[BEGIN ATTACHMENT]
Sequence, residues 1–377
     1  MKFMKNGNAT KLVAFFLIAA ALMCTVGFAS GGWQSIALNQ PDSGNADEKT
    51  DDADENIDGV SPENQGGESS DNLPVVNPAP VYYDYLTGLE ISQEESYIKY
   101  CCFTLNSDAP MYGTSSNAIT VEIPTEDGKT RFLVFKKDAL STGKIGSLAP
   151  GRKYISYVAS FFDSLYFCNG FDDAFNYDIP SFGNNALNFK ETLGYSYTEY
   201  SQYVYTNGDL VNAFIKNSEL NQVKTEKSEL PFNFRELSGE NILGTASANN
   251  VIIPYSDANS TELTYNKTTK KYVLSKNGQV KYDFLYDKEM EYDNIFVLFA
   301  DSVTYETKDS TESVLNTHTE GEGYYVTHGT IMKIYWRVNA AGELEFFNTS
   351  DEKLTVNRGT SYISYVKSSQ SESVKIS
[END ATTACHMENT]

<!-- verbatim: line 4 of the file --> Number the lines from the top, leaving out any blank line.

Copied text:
   101  CCFTLNSDAP MYGTSSNAIT VEIPTEDGKT RFLVFKKDAL STGKIGSLAP